the purpose and character of the use, including whether such use is of a commercial nature or is for nonprofit educational purposes;
the nature of the copyrighted work;
the amount and substantiality of the portion used in relation to the copyrighted work as a whole;
and the effect of the use upon the potential market for or value of the copyrighted work.
The fact that a work is unpublished shall not itself bar a finding of fair use if such finding is made upon consideration of all the above factors.
[Click to continue reading Fair use – Wikipedia, the free encyclopedia]
Thomas Hawk, never one to avoid controversial topics, sarcastically celebrates The New York Times for advocating theft of intellectual property, thereby acknowledging there is a new model of copyright for a new digital century.
W00T! THE NEW YORK TIMES FINALLY ADVOCATES STEALING INTELLECTUAL PROPERTY
Posted on June 26, 2009, 12:26 pm, by Thomas Hawk, under Copyright, Flickr.
Sonia Zjawinski has an interesting article out over at the NY Times’ Gadgetwise blog entitled “Flickr as an Interior Decorating Tool,” where she basically advocates stealing other people’s photographs off of Flickr
[Click to continue reading w00t! The New York Times Finally Advocates Stealing Intellectual Property | Thomas Hawk Digital Connection]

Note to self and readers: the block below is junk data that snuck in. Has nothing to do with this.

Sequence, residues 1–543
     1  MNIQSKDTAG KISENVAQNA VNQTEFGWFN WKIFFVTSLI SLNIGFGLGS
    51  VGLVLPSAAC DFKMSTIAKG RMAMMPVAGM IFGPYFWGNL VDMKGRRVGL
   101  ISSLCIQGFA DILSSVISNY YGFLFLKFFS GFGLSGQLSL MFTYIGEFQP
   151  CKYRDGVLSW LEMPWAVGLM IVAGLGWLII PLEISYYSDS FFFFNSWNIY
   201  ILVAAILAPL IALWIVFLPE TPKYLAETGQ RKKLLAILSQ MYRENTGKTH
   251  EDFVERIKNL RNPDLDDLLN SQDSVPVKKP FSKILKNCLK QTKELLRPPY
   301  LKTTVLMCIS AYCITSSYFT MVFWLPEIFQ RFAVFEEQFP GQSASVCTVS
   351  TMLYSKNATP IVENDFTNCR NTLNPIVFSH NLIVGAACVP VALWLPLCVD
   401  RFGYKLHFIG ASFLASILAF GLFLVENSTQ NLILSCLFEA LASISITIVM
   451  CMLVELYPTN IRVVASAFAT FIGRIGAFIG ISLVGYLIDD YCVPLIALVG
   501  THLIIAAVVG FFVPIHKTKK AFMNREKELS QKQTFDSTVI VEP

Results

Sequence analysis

Thomas Hawk claims that because most photographers probably have stolen music on their computers, they shouldn’t complain when others steal from them. I’m not sure how Thomas Hawk knows that photographers have stolen MP3s, or use a TiVo, but maybe he has access to some TIA database that we don’t.
The Metafilter community reacted by laughing at photographers who upload images to the web and expect courtesy and copyright law to be adhered to.
Getting smart about personal technology. NYTimes publishes Sonia Zjawinski’s assertion that other peoples’ images on Flickr are probably OK to download, blow up and use to decorate her house: And if you’re wondering about copyright issues (after all, these aren’t my photos), the photos are being used by me for my own, private, noncommercial use. I’m not selling these things and not charging admission to my apartment, so I think I’m in the clear.
Other people think it’s more complicated, and some are just pissed.
[Click to read for yourself Confidential to NY Times: Free as in speech | MetaFilter]
I’d say the majority of the comments at Metafilter are strongly in favor of Ms. Zjawinski’s technique, most using a variation of the same argument: hey, the photo is there, why wouldn’t I take it? These same folk probably steal a lot of other digital media, bittorrents, MP3s, etc. and consider nothing of it.
Personally, I usually release my Flickr photos under a Creative Commons Attributuion/share-alike license, downsample them to 90 pixels and somewhere around 15″x10″ before uploading to Flickr, and have started to use a small watermark of my name. I haven’t tried, but I assume they would look ok printed at 3″x5″, or even 4″x7″, but any larger size would look increasingly pixelated. I would hope that if some anonymous person wished to print out my photo, they would have the courtesy to ask me first. For instance, recently, an artist based in LA asked me if she could have a copy of a photo I took of her mural. Instead, I gave her the much higher resolution Photoshop file, uploaded it to Drop.io, and gave her the link. She sent me a check for $5, but I never cashed it. All in all, I have gotten close to $2,000 selling prints of my work, not quite enough to purchase an island next to Johnny Depp’s island in the Caribbean Ocean, but more than nothing. In other words, I am simply a hobbyist photographer, so bear that in mind.